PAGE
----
We tried to go to the Ebrat museum, which was the torture centre of the Shah's government before 1979, and now an important piece of anti-shah propaganda.  Unfortunately, it was closed but we enjoyed the photo display outside: the leaders of the current regime had been photographed on visits to the museum looking suitably appalled at the treatment of prisoners. We wondered if they had perhaps taken any tips for questioning techniques from the displays. Unsurprisingly, there is no public exhibition of the methods employed against enemies of the state in the Iranian prisons of today.

On Thursday, we met up with Eric's Farsi teacher, Chokou, outside the Swedish Embassy, ready to start our tour around Tehran. Chokou is a lovely lady and we had a great time with her as our tour guide. We started down at the bazaar which is simply huge.

A very busy bazaar

Having seen quite a few bazaars we didn't linger too long and instead walked outside to the mosque that connects to the market area. The bazaaris is historically a very wealthy, powerful and conservative group. They have been instrumental in several of Iran's revolutions to date, the most recent the 1979 revolution. These revolutions have started on the square between the Tehran bazaar and the Bazaar mosque, on a Friday after the prayer, with the bazaaris marching out of the gates, demanding change. 

Chokou and Helena outside the Bazaar mosque

One wonders whether the bazaari could start yet another revolution from this square. History would say yes. However, the power of the bazaaris has diminished over the last years due to competition from supermarkets and being squeezed by the current government. What is more, less and less people go to the mosques as they find the sermons too political. It is ironic that one consequence of a religious regime is that people become less, and not more, religious. Finally, there are so many more powerful ways to communicate today with social media, as the Arab Spring has proved. Despite the regime's efforts of creating a "Clean Internet", the people find their way around it.

The square between the Tehran bazaar and the Bazaar mosque has seen the birth of several Iranian revolutions

Our closest encounter with Iranian police so far (and this shows how fortunate we have been) was a police woman dressed in a full length black chawdor with a red sash, positioned outside the bazaar. She followed us and our guide around the square, obviously eavesdropping on what our guide was telling us. When she spoke it was only to ask our guide the random question if she had been in Esfahan, to which our guide gave a short reply and we then left.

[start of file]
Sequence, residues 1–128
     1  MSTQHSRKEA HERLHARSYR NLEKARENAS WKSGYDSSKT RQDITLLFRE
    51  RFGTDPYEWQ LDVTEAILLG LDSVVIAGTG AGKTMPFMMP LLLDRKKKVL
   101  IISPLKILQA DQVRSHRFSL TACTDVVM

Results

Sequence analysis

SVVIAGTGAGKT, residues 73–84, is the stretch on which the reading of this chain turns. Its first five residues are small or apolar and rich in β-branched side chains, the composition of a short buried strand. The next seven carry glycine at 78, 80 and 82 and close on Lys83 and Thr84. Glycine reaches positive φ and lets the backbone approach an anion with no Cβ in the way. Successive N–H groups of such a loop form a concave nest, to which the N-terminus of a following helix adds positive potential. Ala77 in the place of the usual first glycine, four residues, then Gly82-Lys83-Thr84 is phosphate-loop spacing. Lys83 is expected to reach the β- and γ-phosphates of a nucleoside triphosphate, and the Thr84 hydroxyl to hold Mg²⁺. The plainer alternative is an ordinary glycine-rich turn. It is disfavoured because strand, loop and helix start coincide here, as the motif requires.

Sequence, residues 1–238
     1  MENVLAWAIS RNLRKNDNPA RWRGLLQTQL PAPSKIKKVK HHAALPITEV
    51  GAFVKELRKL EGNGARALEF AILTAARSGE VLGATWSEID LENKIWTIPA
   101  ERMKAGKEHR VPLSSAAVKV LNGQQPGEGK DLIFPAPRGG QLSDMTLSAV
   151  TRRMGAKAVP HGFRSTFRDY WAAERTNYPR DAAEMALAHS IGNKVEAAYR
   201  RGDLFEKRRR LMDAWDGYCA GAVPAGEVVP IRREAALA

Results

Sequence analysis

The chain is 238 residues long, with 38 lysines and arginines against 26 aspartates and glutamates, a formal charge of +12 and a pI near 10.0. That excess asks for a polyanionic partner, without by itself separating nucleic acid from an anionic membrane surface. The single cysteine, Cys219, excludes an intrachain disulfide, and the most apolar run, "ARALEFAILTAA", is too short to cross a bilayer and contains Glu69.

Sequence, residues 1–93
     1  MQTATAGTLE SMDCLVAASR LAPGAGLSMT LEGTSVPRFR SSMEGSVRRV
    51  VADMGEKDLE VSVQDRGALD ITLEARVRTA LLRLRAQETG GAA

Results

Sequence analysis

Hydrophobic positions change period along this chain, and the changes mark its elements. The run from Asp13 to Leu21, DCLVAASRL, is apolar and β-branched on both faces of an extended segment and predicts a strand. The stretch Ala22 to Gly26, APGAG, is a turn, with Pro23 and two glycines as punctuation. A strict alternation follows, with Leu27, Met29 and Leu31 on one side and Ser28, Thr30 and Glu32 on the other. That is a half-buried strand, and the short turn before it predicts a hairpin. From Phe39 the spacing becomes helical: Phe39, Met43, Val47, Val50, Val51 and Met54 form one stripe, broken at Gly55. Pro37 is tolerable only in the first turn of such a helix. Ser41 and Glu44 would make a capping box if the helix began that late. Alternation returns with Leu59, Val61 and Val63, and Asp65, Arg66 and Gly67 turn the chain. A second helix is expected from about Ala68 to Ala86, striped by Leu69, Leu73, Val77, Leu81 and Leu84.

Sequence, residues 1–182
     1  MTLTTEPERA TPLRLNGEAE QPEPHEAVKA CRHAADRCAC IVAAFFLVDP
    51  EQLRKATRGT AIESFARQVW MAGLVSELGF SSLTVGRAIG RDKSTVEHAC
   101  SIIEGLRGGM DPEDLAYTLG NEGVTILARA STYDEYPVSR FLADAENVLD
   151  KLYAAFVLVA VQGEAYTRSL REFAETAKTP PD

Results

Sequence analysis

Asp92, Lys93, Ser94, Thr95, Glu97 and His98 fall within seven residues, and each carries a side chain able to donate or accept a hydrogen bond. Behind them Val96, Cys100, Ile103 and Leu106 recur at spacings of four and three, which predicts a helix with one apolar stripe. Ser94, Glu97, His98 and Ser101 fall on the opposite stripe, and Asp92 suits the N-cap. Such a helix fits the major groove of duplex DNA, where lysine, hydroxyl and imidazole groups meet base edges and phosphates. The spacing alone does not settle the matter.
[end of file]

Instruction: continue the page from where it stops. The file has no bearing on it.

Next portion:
We visited the Golestan palace where the shahs used to receive dignitaries and guests. It was interesting, but nowhere as impressive as sights we have seen in Esfahan.

Golestan palace

We also stopped at two former embassies. The UK embassy was stormed by the Revolutionary Guard as late as November 2011 and resulted in a rupture in diplomatic relations between Iran and the UK. One can only imagine the terror for those working at the embassy during the assault. At the time we were worried that it would affect Grant's chances to get a visa, but luckily it didn't. It did, however, mean that Eric lost a huge part of his local football team!

The gates of the British Embassy - not much to see since we had to take this shot clandestinely from across the street

Next up - the American Embassy, or "the US Den of Espionage" as it is officially called today.Everyone has heard of the American Embassy in Tehran and the diplomats taken hostage in the aftermath of the 1979 revolution and held for 444 days, which saw a failed attempt by the US to free the hostages. It was also from this embassy that the US planned and supported the coup in 1953 (meaning the regime's new name for the building is not so far fetched!!). Today it is home to the Revolutionary Guard.

Only after Chokou had asked the guards inside if we could take some photos did we snap away. This is one of the few places in Tehran where you still can see this type of anti-American rhetoric. Most of it was removed during the former President Khatami's rule. We must emphasise that we met no-one in our time here that expressed anti-American views, but the murals are an interesting picture of US-Iranian tensions at government level.

Outside the American Emb... Sorry, the US Den of Espionage

The Defaced Great Seal of the United States

Hand's up!

And this pretty much sums it up

And when in Persia, do as the Persians and get a nice rug. Thanks to Eric's contacts, we saw a trustworthy carpet salesman and after some time in his "den" we found the one!

A few cups of tea later - proud owners of a Persian carpet

What better way to end our stay in Iran? It's been fantastic and it wouldn't have been possible without Eric, who was, as expected, an amazing host, and also our Iranian friends Ali and Fatemeh and family, who showed us such extraordinary hospitality.

"Every day you don't have kebab is a victory", Eric claims - after two weeks in Iran we understood why. Here at dinner in Tehran

Posted by Grantandhelena 07:10 Archived in Iran

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Interesting, you have bought a beautiful Persian carpet! It is of course a flying carpet. Persia is famous for such carpets. Soon we will see you whizzing through the air in your own vehicle!

by Gunhild & P G

How sad to hear of the terrible rules that the Iranian people have to live under and hardly surprising that so many choose to leave their homeland. The Persian carpet looks like a good buy and look forward to seeing it in place in your new home! xx

by Anne and Bill

Hi dear
Im an Iranian girl.your writting made me unhappy.your writting about Iran isnt true.we love our religion and country.I love islam and my lovely prophet.we arent limited.why you said these?what do you think about iranian people?
pleas change your opnion about us.
best wishes

by yaasaman

I'm Iranian and I believe what you experienced and wrote here was a very true story of Iran. I am happy that you clearly discovered and understood the contrast between the attitude of Iranian religious government and majority of Iranian people. Best

by iraniran